What are GMOs?

GMOs, or genetically modified organisms, are created when a gene from one species is transferred to another, thus creating something that would not occur naturally.  It means that a geneticist can isolate a gene for a specific attribute, such as resistance to drought, and implant it into a different species.  The newly created plant will then develop drought resistance too.  So called ‘frankenfoods’ (a rather clever play on Frankenstein’s monster) are spliced for a number of reasons: taste, texture, durability, nutrition, and many more.  The genes don’t just come from other plants either, but have been sourced from bacterium and animals too – in fact, just about any organism that has a gene that may be helpful.   

There has been a lot of debate around the issue of GMOs lately, especially as groups continue to lobby for legislation forcing food companies to label foods specifically as GMO.  It’s easy to think that this is a topic that doesn’t affect you but actually, around 70% of all the food lining our grocery store shelves are genetically modified, and the US accounts for 63% of all GM crops worldwide[1].   So it seems that unless you eat entirely organic, the chances are that you are eating genetically modified foods – and far from being someone else’s problem, it’s actually an issue that affects us all. 


The bulk of the media attention that GMOs have received has focused on the negative and there certainly are negatives, much like anything else.  Perhaps the most argued case is that the health implications of genetically modified crops are as yet unknown, as the process is still in its relevant infancy.  Some scientists argue that there is a possibility that foods will pass on their mutated genes to the bacterium in the digestive systems, causing unknown damage.  In reality, we won’t know what the long term effects of eating GMOs are for at least another ten years or so and some of the possibilities are certainly frightening.  What’s worse is that experts predict that once GM foods have been released into general use, there will be no turning back – GMOs can contaminate existing seeds, causing them to mutate too, meaning that eventually, getting wholly organic foods would be near impossible[2]

Of course, most of the media attention stems from the fact that GMOs are not currently labelled as such in the US and campaigners argue that people have the right to know what they are eating, and to decide for themselves.  This seems especially poignant given that there are stringent labelling laws or even outright bans on GM foods in any European Union country, in the UK, in Japan, and in numerous other places too[3].  However, with all this hype and fear-mongering, it’s easy to wonder why we are propagating GMOs in the first place.  Are they really all that bad or are they, like many new developments, simply misunderstood?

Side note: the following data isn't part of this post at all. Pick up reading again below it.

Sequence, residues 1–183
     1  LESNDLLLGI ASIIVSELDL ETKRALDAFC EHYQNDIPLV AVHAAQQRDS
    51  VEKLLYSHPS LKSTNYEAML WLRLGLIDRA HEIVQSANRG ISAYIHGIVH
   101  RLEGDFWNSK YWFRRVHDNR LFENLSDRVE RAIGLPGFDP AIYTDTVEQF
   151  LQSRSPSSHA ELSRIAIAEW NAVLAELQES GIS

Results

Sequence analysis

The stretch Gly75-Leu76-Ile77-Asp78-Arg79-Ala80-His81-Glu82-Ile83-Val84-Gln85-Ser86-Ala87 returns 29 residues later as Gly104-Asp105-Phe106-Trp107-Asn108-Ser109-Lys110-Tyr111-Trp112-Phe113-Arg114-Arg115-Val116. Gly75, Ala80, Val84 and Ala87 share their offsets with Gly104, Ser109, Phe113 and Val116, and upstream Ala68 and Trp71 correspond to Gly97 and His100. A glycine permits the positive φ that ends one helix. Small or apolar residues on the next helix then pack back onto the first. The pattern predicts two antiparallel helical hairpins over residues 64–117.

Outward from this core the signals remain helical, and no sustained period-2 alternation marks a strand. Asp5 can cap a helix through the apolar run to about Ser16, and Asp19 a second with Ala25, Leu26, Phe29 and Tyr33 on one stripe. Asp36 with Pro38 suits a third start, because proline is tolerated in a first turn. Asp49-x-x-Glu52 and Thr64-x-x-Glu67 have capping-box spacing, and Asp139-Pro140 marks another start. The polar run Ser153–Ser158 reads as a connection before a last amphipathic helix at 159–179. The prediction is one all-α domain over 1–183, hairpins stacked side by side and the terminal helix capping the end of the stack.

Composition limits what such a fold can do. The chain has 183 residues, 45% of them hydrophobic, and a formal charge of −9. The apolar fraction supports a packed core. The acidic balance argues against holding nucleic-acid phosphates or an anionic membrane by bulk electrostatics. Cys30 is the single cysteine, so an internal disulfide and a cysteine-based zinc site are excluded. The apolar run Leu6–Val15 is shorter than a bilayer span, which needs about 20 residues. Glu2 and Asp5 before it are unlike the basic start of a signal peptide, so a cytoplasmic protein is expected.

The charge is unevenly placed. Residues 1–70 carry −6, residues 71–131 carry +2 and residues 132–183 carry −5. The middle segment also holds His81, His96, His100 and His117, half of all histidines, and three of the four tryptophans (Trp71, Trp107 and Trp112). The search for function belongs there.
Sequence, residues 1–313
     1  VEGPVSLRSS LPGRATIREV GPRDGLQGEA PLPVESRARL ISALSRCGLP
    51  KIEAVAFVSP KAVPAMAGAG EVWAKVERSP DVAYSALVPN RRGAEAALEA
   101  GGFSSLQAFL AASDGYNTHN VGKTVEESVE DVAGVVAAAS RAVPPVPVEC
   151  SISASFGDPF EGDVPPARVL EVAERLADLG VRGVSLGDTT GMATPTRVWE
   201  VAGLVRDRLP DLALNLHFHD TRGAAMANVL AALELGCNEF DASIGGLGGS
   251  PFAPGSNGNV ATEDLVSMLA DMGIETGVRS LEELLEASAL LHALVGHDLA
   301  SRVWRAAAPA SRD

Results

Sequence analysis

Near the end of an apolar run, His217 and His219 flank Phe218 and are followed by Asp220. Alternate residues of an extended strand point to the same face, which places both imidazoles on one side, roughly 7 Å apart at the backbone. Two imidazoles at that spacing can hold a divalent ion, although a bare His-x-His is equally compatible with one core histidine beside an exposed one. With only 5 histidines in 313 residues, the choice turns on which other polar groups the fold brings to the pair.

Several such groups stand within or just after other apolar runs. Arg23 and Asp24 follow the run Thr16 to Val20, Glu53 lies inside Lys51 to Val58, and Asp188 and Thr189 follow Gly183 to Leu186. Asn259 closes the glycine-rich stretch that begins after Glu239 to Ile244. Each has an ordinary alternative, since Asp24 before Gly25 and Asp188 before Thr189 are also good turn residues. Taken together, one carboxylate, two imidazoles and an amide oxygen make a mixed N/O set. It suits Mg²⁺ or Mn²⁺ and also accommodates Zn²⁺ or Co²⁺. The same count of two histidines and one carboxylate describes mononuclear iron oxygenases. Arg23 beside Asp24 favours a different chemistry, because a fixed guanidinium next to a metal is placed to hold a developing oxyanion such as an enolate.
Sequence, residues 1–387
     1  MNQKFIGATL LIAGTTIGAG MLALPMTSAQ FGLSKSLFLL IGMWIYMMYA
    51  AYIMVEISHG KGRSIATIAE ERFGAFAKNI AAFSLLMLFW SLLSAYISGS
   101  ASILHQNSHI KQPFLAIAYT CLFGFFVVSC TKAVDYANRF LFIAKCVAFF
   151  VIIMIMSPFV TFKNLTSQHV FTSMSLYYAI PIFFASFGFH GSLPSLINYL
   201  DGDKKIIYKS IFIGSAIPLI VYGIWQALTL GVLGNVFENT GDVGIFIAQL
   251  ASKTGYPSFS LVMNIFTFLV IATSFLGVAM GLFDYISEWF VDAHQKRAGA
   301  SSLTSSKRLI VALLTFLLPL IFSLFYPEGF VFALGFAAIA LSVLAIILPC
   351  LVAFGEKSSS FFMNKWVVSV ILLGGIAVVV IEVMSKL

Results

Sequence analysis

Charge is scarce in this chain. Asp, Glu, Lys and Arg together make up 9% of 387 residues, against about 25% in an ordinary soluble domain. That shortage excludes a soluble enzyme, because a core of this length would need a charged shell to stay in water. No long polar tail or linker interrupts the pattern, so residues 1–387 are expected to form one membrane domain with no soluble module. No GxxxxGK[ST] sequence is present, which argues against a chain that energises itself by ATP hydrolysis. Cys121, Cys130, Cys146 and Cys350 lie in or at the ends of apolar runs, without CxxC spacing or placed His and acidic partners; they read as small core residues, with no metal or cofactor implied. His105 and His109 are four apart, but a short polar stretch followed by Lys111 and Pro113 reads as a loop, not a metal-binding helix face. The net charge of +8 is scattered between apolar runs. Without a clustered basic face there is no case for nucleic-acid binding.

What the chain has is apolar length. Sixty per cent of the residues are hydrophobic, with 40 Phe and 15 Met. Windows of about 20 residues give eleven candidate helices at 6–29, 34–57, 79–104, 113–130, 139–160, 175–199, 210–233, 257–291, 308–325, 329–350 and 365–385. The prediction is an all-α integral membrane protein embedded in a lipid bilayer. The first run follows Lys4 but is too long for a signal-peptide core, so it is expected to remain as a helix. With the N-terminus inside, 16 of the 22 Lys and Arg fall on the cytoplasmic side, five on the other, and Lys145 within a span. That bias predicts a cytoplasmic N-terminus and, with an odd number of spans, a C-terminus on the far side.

Misunderstood and Misused

It may seem that the initial wave of genetically modified foods available are good for one thing – feeding profits to greedy corporations, but that’s not what it’s all about and there are a number of companies hoping to set the record straight.  One thing is for certain – GM crops were not developed out of malicious intent or evil doing.  There was no crazed scientist splicing together species’ of plant that had no business being together.  In fact, the first GMO patented was in 1980 and was a bacterium that had been developed with a hunger for crude oil.  It was used to clean up oil spills.  Later, genetically engineered insulin appeared on the market, fully approved by the FDA[4], and made a great impact to those suffering from diabetes.  The potential for positive GMOs is huge, with scientists all over the world looking for ways to make food not only sustainable but healthier, tastier, and more beneficial for the consumer, not just for corporations.   


Pest resistance and the B.t gene:  The B.t gene, or bacillus thuringiensis, natural bacterium that produces proteins that kill insect larvae, has been transferred to corn.  With this modification, the corn can now produce its own pesticides against insects.  Crop loss from pests and insects is a massive problem within agriculture and leads to farmers using more and more pesticides.  This, in turn, can cause potential damage to human health, environmental health, and to wildlife.   Introduction of the B.t gene will lead to lower crop losses, less pesticide use, and lower costs[5]

Tolerance to inhabitable conditions:  As less and less arable land is available, crops need to be increasingly durable and able to withstand previously inhospitable conditions. Perfect examples of this are crops that are developed to withstand long-term drought conditions or soil with a high salt content.  Similarly, some plants (namely tobacco and potato plants) have been modified using a gene from cold water fish, giving the plant additional tolerance to cold conditions and meaning that they are much more likely to survive cold spells or freezing conditions[6]